Last month in the Smoky Mountains
Personal Notes from Mike
  • Looking forward to family coming to Mattoon for Thanksgiving at the end of this week:  all three daughters, grandson, sons-in-law, parents...  Looks like Saturday will be our big meal celebration.
  • Watching "Crown," the Netflix series on the royal family of Great Britain.  It is well done, exploring the human dimension of individuals caught up in the struggle between individual desires and the traditions of institutions.  It avoids some of the salacious drivel that has often marked news reports of the royal family.
  • Reading Before the Fall, by Noah Hawley. It is a suspense novel that includes an airplane crash, a Wall Street personality being investigated, and a political/media mogul.  So far...so good.  Will get back to it as soon as I mail off this letter to everyone.
 


November 20, 2016
Boring People Never Blunder
Our water bill arrived today:  $244 for the month.  Apparently, someone in our family blundered, leaving the water hose running during the weekend we went to the Smokey Mountains.  Matrimonial tranquility demands that we refrain from deciding who in the family is the perp.  But in the likely scenario that it was not me, it seemed that it would be a magnanimous gesture on my part to recall and confess some of those times when I most certainly was the goof-up.
 
So here is my confession, before God and all my dear readers:  A written list of ten times I have blundered.  

But first, let me lead you in a short exploration of the word "blunder."  It comes from Old Norwegian and has something to do with falling asleep or shutting one's eyes.  This etymology allows us to distinguish our blunders from our sins.  Sin usually occurs because we see all too clearly:  opportunities for insult, greed, lust, sloth, etc.  A blunder, on the other hand, is the result of our failing to see...or foresee.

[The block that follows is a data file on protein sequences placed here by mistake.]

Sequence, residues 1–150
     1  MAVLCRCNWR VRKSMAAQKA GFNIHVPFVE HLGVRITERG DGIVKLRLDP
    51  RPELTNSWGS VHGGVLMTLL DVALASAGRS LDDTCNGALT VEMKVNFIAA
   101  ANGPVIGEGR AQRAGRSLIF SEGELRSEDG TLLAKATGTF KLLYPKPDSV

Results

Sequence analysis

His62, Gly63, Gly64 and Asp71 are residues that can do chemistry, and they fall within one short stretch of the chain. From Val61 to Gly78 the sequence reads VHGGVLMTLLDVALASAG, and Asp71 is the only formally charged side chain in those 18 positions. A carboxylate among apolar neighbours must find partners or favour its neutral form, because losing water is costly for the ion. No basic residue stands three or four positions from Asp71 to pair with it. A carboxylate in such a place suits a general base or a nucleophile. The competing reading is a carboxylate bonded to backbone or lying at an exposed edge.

You might suspect that I use my fat dictionary (with its myriad etymologies) in order to procrastinate from actually tackling the writing task at hand.  Procrastination, of course, is a sin rather than a blunder.  It stems from the deadly sin of "sloth," a sort of laziness that takes over when we would rather avoid the hard mental, physical, or emotional challenge and divert instead into something lighter.   Let me therefore hasten on to my blunder list.  

Of course, hastening is the cause of 50% of all blunders.  So before I hasten to write my list, allow me to plead for your leniency.  As you read my list of blunders, please be merciful with me and refrain from calling me names:  such as blunderbuss or nincompoop. (According to the fat dictionary, these are common names for someone who blunders.)  Calling someone a name is a sin, not a blunder, and if you call me a nincompoop you will have to ask for my forgiveness. 

As far as I can tell, the primary difference between blunderbuss and nincompoop is that the first is protected by the Second Amendment and the second is protected by the First Amendment.  If you are totally confused by all this, perhaps you should forget reading the rest of this letter, get out your fat dictionary...along with a copy of the U.S. Constitution...and see if you can catch up.
 
Okay.  What I just wrote was not a blunder, it was a sin.  I knew as I was typing that I was getting snippy with some of my readers.  Forgive me.